explain the action of the tides during a particular historical moment.  We
would have to account for the pull of the moon's gravity, ocean currents,
wind, the shape of the seafloor, etc.  But in order to give an account, we
might isolate the contribution of each of these and then show how their
intersection produces the particular result we observe.  Of course exchange
value always occurs historically embedded in particular relations of
property.  But can we consider the variety of forces operating separately
and then show, in their intersection, how they work to produce a particular
historical result?  I interpret Marx as suggesting three distinct social
forces: relations of labor, relations of force, and relations of
consciousness.  I also interpret Marx to say that of these, relations of
labor tend to determine relations of force and consciousness.  These are
relations of reciprocal causality, to be sure, but we want first to explain
superstructural relations in consequence of the "simpler abstractions" of
the base; then we can show how, in particular cicrcumstances, actions at
the level of the superstructure can in turn work to determine the base.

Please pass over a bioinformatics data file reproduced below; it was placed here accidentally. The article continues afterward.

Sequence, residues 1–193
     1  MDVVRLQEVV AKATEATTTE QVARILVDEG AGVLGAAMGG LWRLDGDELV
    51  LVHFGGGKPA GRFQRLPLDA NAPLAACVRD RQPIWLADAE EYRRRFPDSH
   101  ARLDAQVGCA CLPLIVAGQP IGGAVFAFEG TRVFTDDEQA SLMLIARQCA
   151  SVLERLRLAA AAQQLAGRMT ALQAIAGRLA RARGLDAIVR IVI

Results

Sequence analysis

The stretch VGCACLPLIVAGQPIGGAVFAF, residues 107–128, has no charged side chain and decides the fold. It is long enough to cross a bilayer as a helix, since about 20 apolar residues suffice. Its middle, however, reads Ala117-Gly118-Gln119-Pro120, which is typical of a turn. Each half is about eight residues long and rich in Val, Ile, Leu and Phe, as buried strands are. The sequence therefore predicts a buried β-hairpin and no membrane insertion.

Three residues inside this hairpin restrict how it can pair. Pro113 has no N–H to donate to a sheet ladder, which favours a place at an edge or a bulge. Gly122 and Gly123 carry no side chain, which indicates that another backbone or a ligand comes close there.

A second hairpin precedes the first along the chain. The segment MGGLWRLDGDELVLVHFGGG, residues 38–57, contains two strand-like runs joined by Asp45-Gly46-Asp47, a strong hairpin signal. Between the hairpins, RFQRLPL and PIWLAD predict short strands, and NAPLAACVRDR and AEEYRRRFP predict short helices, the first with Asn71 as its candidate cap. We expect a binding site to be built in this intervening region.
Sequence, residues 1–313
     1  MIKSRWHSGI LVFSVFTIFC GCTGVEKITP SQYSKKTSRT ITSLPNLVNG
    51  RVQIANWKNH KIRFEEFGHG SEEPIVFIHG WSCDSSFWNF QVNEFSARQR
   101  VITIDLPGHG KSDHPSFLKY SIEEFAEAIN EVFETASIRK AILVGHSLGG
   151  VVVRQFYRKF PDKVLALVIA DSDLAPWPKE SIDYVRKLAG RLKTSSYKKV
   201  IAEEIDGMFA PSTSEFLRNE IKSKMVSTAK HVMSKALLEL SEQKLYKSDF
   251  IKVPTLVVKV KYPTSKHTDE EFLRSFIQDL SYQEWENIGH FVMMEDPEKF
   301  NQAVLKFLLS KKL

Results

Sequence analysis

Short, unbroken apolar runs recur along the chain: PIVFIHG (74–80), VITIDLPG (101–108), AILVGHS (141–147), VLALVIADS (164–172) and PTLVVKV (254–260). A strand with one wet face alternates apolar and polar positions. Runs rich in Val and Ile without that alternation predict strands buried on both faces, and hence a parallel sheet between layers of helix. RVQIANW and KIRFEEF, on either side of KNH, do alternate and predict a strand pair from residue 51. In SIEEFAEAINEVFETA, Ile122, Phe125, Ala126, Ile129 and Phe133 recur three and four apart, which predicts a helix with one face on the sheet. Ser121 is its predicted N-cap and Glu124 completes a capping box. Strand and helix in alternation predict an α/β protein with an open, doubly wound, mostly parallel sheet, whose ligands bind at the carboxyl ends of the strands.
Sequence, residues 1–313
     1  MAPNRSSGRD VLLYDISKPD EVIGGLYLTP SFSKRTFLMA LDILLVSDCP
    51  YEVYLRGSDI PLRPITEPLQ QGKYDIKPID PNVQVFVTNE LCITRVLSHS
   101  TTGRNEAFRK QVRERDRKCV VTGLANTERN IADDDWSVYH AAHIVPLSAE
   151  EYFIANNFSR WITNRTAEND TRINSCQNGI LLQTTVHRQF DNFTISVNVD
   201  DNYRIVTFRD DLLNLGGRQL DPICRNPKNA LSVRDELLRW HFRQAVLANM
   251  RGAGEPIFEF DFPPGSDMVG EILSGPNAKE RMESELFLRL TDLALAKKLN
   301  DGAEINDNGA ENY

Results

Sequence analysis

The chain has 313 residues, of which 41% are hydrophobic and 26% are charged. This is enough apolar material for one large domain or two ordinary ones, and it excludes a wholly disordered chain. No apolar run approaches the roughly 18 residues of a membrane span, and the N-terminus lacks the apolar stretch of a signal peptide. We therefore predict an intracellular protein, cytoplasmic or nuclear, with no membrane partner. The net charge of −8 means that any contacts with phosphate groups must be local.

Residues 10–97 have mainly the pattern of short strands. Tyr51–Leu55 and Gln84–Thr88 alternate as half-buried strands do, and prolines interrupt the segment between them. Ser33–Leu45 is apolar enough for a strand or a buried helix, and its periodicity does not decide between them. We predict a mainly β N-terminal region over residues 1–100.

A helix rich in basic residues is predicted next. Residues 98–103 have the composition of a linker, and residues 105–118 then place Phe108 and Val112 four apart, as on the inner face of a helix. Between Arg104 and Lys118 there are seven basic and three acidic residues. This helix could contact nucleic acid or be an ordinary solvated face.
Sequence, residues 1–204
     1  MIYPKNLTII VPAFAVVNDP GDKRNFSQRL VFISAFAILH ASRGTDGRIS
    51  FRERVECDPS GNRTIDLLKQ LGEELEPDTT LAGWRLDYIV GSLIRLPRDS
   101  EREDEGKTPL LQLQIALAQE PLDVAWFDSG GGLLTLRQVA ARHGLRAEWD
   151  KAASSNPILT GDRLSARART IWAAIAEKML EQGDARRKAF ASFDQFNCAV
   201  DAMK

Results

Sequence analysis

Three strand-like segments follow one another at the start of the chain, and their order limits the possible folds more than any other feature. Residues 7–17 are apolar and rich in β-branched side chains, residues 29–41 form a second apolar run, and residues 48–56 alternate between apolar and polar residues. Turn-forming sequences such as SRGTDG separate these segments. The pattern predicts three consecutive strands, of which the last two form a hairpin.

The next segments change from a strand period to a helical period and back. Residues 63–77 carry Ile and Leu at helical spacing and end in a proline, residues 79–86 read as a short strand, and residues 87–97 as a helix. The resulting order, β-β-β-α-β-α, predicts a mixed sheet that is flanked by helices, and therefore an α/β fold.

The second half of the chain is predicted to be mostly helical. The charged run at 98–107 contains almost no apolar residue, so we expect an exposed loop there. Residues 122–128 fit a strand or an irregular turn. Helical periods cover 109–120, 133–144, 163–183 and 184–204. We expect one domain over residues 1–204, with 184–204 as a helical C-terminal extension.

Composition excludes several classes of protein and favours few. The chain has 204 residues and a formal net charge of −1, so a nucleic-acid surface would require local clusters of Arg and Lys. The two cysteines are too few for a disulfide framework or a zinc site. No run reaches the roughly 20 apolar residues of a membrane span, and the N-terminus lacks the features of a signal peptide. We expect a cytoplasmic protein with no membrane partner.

Property, for Marx, is, in any sense of the word, a relationship of
belonging.  This is clear in the PreCapitalist Economic Formations (PCEF).
If a relationship of belonging is supported by force, then it is a
relationship of property in a juridical sense.  (My assumption here is that
law without force is not law.  You may have regular standards of behavior
that result from morality or custom, but if they are not in the last
analysis supported by force, then I would not call them legal relationships.)

So can we understand relations of labor without reliance on relations of
force or consciousness?  At the level of a particular historical
conjuncture, the answer is no.  Corvee, for example, is an economic, legal
and ideological relationship all at once.  But can we use abstraction to
consider the distribution of the agents of production with respect to the
means of production, without taking into account relations of force or
consciousness?  It is like understanding the tides by starting with the moon.

The value form of labor (which, I should be clear, I think is not a concept
of VFT) I understand to be a particular relation of agents of production to
the means of production.  As you emphasize, this occurs across many
societies, and is recorded, for example, in the I Ching over 3000 years
ago.  By the value form of labor, I mean the circumstance of independent
producers producing use values useless to themselves but useful to others.
Now this does not historically occur without property relations, but
analytically I can think of this as a bare relation of labor disposed
toward means of labor and its result: a separation of producers who produce
things not useful to them.  A relationship of belonging necessarily will